Is it just me, or does the world seem like it keeps getting smaller and smaller? You can get to any country in the world in about 30 hours, use free apps on your phone to talk to anyone, anywhere, and it’s never been easier to connect with fellow business people around the globe to achieve your company’s goals (including suppliers, computer programmers, investors, etc.). While virtual borders are getting easier to cross, there are still key points that you need to keep in mind when planning to conduct business overseas.
The convenience and capabilities of the Internet are incomparable, but there are some faux pas that even the savviest programmer can’t eliminate. For example, even online business is relational and each country has its specific unwritten codes of etiquette within its cultural heritage. The timeliness of an e-mail, the tone of your message, and even punctuality on a Skype meeting may influence how an overseas partner may view your competency in business. If you are communicating with someone in Japan, consider that they are from a very formal culture and will expect respect to senior associates, prompt correspondence, and they base most of their business connections on relationships.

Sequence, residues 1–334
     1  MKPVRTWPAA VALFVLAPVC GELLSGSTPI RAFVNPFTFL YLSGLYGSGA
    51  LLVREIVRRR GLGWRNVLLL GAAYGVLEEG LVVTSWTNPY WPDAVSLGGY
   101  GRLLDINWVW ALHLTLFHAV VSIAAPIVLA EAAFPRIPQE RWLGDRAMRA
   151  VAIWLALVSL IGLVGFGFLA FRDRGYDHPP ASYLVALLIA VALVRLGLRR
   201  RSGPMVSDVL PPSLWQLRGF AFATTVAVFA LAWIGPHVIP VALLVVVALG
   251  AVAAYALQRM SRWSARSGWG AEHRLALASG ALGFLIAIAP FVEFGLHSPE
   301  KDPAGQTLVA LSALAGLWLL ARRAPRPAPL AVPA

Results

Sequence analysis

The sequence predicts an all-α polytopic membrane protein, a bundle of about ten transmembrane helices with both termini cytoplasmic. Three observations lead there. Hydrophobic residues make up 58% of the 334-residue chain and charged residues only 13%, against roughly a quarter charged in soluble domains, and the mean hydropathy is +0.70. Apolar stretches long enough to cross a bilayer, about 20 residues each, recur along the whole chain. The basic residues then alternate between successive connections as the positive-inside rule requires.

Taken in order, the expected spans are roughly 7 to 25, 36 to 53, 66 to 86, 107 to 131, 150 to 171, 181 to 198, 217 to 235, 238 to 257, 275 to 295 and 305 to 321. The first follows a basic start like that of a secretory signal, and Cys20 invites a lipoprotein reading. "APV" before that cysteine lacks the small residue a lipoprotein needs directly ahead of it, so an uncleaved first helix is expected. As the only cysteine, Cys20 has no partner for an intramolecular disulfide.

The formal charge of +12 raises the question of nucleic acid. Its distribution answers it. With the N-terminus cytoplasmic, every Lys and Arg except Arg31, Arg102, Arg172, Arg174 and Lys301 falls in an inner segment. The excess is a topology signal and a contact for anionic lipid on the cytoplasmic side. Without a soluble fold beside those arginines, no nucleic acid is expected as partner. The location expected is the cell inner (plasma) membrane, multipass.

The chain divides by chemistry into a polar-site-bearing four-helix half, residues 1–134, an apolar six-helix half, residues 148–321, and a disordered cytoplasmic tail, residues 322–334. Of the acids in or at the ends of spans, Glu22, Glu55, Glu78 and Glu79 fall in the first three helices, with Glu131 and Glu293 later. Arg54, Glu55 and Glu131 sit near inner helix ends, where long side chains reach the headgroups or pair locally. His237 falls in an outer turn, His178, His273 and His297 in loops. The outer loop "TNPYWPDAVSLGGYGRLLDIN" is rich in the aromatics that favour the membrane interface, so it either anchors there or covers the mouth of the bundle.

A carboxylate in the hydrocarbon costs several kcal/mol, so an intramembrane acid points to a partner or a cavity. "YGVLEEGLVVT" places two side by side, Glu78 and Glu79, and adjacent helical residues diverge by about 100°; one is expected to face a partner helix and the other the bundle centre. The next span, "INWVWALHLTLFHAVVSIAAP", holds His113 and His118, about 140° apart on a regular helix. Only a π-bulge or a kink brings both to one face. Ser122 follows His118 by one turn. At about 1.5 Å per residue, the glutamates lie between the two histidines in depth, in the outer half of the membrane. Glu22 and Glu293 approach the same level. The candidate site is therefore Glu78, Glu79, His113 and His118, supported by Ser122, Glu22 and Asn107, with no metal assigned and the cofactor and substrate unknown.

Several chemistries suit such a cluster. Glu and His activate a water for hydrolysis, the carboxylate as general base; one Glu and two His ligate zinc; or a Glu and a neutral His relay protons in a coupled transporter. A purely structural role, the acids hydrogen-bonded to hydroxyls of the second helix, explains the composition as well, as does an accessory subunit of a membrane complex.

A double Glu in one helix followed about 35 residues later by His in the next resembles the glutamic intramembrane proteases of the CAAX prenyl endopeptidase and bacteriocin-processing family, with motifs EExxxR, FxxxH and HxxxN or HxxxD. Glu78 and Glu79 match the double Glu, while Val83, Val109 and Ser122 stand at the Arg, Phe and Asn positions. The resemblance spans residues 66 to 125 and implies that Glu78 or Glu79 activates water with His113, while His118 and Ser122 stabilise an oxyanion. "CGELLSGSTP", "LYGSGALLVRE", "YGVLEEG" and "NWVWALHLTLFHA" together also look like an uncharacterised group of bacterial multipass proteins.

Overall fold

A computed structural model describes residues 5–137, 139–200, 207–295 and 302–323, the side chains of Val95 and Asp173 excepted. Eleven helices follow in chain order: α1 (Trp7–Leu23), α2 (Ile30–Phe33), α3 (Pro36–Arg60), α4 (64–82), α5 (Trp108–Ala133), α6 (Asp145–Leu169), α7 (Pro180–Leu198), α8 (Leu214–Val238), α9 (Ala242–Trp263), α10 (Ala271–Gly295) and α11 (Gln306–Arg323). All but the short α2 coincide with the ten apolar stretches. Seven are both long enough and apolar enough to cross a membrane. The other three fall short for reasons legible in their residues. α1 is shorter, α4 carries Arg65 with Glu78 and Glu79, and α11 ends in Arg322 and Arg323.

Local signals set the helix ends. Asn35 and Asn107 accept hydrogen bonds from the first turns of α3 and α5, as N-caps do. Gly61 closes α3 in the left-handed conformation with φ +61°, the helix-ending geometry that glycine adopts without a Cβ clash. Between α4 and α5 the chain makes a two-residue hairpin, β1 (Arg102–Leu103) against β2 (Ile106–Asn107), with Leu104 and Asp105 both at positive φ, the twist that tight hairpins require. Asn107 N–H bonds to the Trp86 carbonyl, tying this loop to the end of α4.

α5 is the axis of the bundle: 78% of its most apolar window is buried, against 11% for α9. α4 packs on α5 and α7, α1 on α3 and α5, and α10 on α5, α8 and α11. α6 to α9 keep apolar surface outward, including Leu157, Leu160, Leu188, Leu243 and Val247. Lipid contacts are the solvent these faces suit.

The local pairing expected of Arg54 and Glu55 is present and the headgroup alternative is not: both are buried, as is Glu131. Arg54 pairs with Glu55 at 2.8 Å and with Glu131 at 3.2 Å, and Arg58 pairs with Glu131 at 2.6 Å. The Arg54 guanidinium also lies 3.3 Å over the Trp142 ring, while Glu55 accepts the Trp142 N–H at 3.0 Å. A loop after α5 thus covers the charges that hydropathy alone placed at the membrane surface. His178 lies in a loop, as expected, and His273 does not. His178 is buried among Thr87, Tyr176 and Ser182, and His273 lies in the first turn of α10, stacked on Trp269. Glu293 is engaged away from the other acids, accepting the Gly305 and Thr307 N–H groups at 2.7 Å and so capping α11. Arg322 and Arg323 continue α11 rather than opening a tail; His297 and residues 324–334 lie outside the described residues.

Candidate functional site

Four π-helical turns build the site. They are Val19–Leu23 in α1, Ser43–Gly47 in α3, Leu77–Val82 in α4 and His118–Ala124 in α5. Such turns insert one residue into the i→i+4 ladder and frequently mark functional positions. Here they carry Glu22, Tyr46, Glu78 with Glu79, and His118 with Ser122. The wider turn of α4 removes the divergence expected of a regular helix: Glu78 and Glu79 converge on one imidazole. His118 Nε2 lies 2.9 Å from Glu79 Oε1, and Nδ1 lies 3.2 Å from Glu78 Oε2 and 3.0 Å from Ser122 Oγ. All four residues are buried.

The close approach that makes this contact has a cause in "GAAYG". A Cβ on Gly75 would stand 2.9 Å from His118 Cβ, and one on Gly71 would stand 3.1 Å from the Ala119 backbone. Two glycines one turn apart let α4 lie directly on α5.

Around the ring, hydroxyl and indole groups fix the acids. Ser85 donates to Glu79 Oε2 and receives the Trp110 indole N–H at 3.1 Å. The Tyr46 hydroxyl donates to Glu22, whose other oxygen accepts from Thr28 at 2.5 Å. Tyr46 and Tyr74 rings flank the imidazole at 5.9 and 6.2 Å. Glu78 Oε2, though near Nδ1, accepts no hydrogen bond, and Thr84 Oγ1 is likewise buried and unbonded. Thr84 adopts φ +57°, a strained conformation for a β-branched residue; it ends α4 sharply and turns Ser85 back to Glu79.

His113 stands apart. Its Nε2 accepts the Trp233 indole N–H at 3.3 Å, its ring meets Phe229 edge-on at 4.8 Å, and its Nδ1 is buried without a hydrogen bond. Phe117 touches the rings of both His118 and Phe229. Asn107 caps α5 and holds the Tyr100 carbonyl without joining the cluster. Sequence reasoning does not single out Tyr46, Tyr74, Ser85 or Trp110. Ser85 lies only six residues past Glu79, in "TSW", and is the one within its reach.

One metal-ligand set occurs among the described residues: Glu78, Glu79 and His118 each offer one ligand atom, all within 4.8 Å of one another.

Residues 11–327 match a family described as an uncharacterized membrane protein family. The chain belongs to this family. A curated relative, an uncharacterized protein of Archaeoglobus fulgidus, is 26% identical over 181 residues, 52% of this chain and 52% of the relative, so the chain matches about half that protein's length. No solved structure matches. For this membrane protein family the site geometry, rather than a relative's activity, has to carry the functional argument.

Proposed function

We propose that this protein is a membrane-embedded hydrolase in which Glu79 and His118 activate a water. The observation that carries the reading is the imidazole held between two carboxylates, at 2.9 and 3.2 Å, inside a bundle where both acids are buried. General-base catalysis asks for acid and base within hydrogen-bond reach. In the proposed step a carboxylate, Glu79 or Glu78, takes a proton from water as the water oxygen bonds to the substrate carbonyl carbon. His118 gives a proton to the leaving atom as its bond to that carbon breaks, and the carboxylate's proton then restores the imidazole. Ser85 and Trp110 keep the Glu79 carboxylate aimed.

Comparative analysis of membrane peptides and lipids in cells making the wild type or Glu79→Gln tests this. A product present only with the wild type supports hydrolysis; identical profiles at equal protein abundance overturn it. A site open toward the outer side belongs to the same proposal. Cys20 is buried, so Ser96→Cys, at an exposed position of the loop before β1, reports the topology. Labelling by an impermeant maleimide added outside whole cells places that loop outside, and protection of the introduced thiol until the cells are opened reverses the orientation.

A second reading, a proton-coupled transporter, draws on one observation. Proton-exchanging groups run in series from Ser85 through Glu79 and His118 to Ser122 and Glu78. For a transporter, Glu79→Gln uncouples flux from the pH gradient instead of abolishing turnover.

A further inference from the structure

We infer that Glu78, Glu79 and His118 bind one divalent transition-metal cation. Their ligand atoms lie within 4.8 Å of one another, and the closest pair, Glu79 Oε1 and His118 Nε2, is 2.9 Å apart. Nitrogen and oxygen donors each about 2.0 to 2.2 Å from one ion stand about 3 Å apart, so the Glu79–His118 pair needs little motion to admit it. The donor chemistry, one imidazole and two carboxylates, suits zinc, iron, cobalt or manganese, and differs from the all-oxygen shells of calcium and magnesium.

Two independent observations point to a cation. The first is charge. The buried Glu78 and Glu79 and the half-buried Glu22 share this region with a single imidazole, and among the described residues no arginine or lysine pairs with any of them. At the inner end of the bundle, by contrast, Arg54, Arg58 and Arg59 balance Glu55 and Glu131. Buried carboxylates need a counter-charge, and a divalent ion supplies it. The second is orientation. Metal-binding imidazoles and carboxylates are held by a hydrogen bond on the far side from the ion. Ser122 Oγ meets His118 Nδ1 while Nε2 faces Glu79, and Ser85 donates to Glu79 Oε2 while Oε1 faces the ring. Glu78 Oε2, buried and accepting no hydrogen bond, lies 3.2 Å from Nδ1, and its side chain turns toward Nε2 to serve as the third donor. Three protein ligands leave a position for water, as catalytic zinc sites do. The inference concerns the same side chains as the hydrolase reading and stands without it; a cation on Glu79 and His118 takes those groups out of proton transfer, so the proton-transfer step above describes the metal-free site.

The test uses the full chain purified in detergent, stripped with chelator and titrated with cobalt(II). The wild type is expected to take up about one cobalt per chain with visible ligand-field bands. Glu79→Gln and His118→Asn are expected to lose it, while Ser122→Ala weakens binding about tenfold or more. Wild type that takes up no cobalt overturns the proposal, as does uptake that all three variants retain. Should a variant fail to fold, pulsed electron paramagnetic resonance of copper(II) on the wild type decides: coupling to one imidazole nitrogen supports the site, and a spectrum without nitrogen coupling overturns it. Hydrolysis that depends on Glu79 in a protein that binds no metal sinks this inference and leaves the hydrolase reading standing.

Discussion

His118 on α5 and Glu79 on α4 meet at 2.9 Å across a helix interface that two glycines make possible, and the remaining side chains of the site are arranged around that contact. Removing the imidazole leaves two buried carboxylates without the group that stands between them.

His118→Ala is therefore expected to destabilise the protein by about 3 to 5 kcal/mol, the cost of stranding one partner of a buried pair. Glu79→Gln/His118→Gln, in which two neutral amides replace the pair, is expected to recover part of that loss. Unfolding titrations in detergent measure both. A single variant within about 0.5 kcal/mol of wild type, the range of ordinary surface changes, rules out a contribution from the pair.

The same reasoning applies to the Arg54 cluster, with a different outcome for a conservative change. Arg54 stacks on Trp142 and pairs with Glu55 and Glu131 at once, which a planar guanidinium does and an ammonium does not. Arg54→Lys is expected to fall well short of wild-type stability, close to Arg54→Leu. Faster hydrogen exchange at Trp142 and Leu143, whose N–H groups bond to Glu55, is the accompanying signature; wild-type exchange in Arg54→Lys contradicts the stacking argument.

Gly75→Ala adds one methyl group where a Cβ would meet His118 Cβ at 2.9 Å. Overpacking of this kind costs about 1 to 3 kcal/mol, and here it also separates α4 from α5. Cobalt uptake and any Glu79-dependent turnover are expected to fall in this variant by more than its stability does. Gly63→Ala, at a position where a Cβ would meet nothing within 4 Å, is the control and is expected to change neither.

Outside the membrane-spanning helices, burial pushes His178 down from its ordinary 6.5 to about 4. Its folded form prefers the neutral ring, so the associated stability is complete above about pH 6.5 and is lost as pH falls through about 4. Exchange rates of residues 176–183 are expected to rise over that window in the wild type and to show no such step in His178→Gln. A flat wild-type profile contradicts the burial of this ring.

Many times working with business suppliers overseas also dictates an annual visit to that country. When you are in India, use the greeting “Namaste” and join your palms together at chest level with a slight bow of the head. Once you enter the room of your meeting, you must always approach and greet the most senior figure first. Take the time to research and study whichever culture you will be interacting with and prepare accordingly. There are many websites that can advise you such as the U.S. Small Business Association or the U.S. Department of State. You can find out everything from how to get your passport to determining if the company that you are planning to work with is legit.
Beyond cultural differences, there are also legal issues that need to be addressed. Will you have to pay federal taxes on goods sold overseas? How do I obtain a business visa if my foreign business associates wish to visit the U.S.? Where can I find Country Commercial Guides (CCGs) which provide a comprehensive look at a country’s commercial environment using economic, political and market analysis? What countries are off limits due to international trade agreements? All of these questions and more can be found on the above government websites. You can also contact a private international or global business attorney to get more direct guidance and attention for your business ventures.
International business can be a lucrative option for your company when you consider that exports increased 0.2% to $198.5 billion and imports rose 0.1 % to $238.6 billion in August 2014. The risk may certainly be worth the investment if you familiarize yourself with the customs and laws of the nation you wish to do business with.